Angela Duckworth sums up her psychology of achievement in two simple formulas: “Talent x effort = skill. Skill x effort = achievement.” In other words, effort matters twice as much as talent to success. And effort in turn depends on what she calls “grit,” or “having the passion to accomplish a particular top-level goal and the perseverance to follow through.” This hugely popular — and strikingly American – theory has its share of critics, such as Judith Shulvitz who writes in The New York Times that Duckworth “never question the values of a society geared towards winning, nor does she address the systematic barriers to success.” If Duckworth’s psychology of success arguably at points lacks nuance, she still provides a compelling argument against our well-documented, though unconscious, and seemingly irrational human preference for natural talent over effort (see box on “naturalness bias”). In other words, she provides an inspiring, practical reminder that: “Our potential is one thing. What we do with it is quite another.”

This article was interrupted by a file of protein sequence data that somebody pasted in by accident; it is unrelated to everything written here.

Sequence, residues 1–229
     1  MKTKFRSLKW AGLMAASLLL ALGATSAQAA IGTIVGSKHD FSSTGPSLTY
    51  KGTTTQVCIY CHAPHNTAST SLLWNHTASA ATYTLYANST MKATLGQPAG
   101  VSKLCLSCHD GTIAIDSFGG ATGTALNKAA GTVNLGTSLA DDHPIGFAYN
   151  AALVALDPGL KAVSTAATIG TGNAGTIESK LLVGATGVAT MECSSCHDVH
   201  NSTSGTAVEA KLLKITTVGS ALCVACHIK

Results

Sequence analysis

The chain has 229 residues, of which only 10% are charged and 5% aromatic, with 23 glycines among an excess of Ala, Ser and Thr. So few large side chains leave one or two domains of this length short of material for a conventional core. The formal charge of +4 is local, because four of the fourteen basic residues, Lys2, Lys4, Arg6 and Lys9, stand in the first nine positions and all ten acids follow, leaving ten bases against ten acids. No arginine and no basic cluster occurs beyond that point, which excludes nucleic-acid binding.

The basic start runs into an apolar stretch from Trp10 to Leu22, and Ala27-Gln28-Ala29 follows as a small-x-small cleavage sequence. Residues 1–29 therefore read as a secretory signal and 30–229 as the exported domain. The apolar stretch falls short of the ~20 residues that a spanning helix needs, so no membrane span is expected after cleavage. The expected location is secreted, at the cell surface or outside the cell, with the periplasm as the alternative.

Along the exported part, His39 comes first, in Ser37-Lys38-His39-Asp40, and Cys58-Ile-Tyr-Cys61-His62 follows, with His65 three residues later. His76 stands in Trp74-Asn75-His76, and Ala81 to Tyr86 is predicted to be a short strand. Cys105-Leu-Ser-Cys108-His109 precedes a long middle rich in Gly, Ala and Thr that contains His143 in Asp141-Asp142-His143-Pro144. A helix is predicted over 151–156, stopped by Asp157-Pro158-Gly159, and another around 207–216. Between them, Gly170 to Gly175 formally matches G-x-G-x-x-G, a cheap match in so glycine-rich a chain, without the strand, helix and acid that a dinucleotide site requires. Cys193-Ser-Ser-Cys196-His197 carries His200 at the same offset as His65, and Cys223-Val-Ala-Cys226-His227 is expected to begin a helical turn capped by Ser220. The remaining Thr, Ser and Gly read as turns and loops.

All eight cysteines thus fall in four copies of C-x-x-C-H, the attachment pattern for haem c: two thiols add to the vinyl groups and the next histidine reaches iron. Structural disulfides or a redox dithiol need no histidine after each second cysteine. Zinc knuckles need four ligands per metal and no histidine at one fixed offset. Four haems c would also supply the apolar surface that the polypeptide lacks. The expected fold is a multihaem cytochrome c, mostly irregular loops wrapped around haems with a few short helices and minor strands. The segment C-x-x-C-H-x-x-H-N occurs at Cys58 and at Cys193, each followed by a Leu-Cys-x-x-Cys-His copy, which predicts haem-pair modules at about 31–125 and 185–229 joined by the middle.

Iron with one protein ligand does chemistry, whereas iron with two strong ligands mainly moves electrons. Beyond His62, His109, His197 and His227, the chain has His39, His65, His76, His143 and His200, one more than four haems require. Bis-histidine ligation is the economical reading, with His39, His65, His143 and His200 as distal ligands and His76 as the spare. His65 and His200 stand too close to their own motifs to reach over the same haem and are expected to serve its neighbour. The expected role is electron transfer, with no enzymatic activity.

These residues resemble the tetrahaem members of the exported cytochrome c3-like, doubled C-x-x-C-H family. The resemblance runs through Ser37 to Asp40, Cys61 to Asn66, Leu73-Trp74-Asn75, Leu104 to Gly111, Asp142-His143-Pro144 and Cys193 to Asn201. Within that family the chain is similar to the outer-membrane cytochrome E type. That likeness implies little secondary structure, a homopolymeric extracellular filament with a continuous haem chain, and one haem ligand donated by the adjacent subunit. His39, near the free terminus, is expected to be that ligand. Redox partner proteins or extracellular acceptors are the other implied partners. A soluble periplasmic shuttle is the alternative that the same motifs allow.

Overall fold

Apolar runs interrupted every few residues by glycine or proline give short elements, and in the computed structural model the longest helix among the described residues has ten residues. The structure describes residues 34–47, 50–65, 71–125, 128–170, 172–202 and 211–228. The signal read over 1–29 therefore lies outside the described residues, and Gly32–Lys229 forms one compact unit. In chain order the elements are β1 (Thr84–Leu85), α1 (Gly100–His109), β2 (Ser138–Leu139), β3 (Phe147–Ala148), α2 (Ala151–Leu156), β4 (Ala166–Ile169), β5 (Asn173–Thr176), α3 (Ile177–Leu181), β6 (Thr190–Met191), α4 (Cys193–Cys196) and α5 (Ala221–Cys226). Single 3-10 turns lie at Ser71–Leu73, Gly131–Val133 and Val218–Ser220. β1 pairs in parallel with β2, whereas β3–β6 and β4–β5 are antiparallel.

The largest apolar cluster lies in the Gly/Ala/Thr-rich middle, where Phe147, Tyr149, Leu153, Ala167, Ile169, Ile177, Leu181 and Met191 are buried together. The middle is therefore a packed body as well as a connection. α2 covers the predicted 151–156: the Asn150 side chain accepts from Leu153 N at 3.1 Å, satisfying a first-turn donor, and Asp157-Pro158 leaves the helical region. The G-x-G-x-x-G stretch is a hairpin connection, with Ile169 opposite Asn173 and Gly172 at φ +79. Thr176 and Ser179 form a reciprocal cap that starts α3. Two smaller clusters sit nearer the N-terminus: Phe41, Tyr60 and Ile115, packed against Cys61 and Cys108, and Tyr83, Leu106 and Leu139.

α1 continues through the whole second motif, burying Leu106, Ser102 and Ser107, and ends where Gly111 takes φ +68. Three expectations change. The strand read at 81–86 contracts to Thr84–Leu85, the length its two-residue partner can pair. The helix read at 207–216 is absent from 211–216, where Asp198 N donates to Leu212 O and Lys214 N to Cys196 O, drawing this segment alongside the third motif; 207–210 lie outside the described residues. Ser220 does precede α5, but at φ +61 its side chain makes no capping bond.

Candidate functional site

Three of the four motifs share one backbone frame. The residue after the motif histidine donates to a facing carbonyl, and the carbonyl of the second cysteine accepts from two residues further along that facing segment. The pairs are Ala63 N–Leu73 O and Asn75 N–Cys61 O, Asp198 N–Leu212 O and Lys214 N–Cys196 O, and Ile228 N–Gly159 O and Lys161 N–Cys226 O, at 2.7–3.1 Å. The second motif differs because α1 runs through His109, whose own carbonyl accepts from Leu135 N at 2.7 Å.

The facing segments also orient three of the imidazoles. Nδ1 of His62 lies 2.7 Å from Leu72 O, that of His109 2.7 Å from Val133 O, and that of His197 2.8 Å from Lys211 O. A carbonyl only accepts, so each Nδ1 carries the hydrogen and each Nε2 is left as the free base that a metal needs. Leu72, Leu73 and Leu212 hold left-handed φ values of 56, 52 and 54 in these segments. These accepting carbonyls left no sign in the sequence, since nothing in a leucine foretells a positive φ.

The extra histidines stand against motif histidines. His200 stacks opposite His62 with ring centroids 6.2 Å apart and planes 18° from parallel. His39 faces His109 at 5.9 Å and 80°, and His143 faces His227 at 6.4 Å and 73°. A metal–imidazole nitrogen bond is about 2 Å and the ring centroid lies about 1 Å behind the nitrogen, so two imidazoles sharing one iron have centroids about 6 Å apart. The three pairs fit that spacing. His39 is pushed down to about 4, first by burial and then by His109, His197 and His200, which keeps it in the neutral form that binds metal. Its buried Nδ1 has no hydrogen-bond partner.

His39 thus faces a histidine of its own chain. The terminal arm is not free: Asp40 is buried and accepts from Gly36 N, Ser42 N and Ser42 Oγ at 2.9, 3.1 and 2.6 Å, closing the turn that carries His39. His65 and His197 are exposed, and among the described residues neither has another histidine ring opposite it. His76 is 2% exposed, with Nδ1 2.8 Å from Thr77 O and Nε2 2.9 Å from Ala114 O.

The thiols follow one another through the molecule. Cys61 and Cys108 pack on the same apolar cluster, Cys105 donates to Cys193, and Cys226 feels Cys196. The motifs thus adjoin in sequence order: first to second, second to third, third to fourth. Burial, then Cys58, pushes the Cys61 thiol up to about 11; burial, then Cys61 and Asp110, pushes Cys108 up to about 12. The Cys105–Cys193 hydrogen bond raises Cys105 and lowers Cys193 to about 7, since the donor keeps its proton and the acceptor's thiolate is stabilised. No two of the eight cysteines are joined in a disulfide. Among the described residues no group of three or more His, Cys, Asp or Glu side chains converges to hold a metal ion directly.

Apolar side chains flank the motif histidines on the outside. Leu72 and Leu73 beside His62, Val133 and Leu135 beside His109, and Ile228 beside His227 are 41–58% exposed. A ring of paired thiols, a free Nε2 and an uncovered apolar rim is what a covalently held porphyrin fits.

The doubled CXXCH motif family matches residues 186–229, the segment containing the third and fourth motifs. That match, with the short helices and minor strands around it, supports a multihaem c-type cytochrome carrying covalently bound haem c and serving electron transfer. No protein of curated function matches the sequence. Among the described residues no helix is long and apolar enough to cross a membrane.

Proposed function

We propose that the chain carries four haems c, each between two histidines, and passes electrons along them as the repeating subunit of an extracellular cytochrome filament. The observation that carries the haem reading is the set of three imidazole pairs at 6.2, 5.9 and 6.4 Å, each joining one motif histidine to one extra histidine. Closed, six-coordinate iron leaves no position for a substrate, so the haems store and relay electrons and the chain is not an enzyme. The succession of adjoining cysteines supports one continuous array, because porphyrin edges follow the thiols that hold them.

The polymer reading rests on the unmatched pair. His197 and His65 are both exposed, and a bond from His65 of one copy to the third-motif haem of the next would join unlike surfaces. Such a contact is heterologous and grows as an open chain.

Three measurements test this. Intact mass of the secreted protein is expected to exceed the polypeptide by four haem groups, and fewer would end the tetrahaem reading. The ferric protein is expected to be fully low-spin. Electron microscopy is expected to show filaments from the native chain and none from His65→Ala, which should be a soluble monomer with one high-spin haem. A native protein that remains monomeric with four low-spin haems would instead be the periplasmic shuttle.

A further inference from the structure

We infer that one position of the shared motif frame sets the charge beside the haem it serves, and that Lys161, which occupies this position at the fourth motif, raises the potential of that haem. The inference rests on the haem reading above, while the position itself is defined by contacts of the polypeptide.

LEARNING TO GET BACK UP WHEN YOU GET KNOCKED DOWN
Grit is having the passion and perseverance to keep going no matter how tough it gets.
Passion and perseverance: distinguishing traits of high achievers
According to Duckworth, the world’s most extraordinarily high-achieving individuals all share a trait that she calls grit, or the “passion and perseverance” to strive relentlessly day in and day out, often in the face of great difficulty and failure, to achieve a goal. “In sum, no matter the domain, the highly successful had a kind of ferocious determination that played out in two ways. First, these exemplars were unusually resilient and hardworking. Second, they knew in a very, very deep way what they wanted. They not only had determination, they had direction. It was this combination of passion and perseverance that made high achievers special. In a word, they had grit.”
Grit is not a fixed trait: it can grow
In a 2007 study, Duckworth found that grit varies significantly by age, with people in their sixties or older demonstrating greater grit than people in their twenties or younger (see graph “Grit grows with age). Duckworth identifies two possible explanations: either the cultural era of older generations was more conducive to building grit than the modern cultural era, or, simply, “we get grittier as we get older.” While both explanations are probably true to an extent, her key takeaway is that you can become grittier than you are today: “Either way, this snapshot reveals that grit is not entirely fixed. Like every aspect of your psychological character, grit is more plastic than you might think,” she writes, going on to ask: “If grit can grow, how does that happen?”